Interesting post, Jeri. As you said … we’re too connected to Word, and so it’s been difficult for me to make the move to Scrivener. But I will, as I’m on Mac, andI can’t update t the newest Mac operating system without losing access to my word files!So I definitely have to make the switch sooner than later. It’s just that technology and me don’t get along too well. Thank goodness for friends and colleagues to help us along!
Jeri, this is awesome! I’m in the early stages of brainstorming an ebook that I want to write, and am thoroughly intimidated by the publishing process. You’ve given me hope, and I’m bookmarking this tutorial, so I can come back to it when I’m ready to start. Thank you for sharing!
Wow, Jeri, I don’t know how you do it all! I’ve heard of Scrivener but didn’t realize how relatively easy it was to use. Your step-by-step instructions are clear and well thought through, and would be my first resource if I ever get to putting together a book. Actually, knowing that you’ve gone out and conquered the medium is great inspiration. Thanks for these!
Krystyna, somehow I guess I am just a glutton for punishment when it comes to learning new things. Scrivener was a great time investment. It’s great software, and I’m sure you would like it if you decide to write a book.
Can you believe I have not used this program yet?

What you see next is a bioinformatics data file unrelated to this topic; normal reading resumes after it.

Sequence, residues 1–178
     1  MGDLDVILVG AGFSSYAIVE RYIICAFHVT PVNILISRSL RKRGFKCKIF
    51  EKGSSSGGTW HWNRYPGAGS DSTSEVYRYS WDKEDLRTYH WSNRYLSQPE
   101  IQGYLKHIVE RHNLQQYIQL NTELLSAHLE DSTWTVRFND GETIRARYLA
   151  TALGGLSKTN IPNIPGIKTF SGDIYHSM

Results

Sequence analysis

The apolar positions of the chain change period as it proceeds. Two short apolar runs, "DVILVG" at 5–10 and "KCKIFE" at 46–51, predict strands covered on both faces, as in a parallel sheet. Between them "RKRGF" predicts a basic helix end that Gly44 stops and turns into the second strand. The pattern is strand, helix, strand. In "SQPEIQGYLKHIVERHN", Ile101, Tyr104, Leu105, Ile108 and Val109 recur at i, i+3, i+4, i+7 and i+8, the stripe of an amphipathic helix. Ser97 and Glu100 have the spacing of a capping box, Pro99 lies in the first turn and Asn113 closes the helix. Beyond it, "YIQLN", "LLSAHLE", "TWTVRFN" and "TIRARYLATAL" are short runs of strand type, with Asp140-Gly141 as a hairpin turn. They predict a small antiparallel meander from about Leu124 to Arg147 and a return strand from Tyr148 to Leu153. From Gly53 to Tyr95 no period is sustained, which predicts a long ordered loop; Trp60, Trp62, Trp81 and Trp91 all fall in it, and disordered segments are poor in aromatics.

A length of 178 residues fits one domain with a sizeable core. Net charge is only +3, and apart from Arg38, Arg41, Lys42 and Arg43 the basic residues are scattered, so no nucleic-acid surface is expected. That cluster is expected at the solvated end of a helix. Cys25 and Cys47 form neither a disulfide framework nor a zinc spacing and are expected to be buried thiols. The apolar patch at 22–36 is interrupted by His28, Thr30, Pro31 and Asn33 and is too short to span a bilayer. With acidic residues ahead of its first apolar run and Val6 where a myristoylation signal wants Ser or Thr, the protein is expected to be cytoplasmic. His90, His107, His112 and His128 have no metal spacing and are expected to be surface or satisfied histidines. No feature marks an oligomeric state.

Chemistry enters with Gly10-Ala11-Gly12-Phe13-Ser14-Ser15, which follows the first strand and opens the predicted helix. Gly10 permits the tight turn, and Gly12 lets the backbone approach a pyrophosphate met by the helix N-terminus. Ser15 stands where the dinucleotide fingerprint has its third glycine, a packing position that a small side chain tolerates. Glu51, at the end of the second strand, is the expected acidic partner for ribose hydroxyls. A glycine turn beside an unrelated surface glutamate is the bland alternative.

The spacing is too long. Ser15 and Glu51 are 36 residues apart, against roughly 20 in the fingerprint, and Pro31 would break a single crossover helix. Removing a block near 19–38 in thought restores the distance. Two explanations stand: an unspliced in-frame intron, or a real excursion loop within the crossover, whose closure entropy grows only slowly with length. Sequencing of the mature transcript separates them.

I’ve heard that many authors DO use it, though. I think I might have to give it a shot!
Lorraine, you may as well give Scrivener a try one of these days since the free trial version is so generous.
Thanks for the tutorial on Scrivener. It’s not a program I am familiar with. You made it look so easy by producing this cheat sheet.
Mina, I’m glad the steps make it look easy. I pull on my teacher-side for tutorial posts 😉
This is helpful. I have never finished a book. However, when I do someday I will use this. Good for you for learning how to work it yourself . 🙂
Crystal, if there’s one thing I’m good at, it’s perseverance…
A great post for formatting all in one place. My first attempt had left me searching for exactly what you have here. Tweeting this. Have a good night!
JT, glad you found the post helpful. I did my best to be as comprehensive as possible.
As you can see below, I really did enjoy your post. 😉
I have been searching for this post for a week! It came across my Twitter feed and for some reason I didn’t save it when I read it the first time!!
Ebook formatting will be done tomorrow!!!!!
Thank you for such a helpful post!
JT, I’m glad you found this post again. Scrivener really does make the formatting process more bearable after the initial learning curve.
Scrivener on Windows works well for me as an authors tool. When the rough draft manuscript is done I compile it as a Word doc file. Now I proofread and edit until satisfied. Re-paste doc contents back into Scrivener. Next step compile as an ePub file. Final step is using Sigil on the epub file with a customized CSS stylesheet designed for ePub or Kindle. Sigil puts the final polishing touch to an ePub eBook for me. Scrivener’s strengths are its many output file options.
Ronald, thanks for sharing. I’ve not sued Sigil yet to make additional changes to e-books, but I’m sure it’s inevitable that I’ll need to one of these days.
I wish I had had this guide last year! Thanks for the tips and I’m bookmarking this one 🙂
Christy, I’m glad you found my guide. It should come in handy. I’ve been referring back to it from time to time as I format e-books for one of my clients.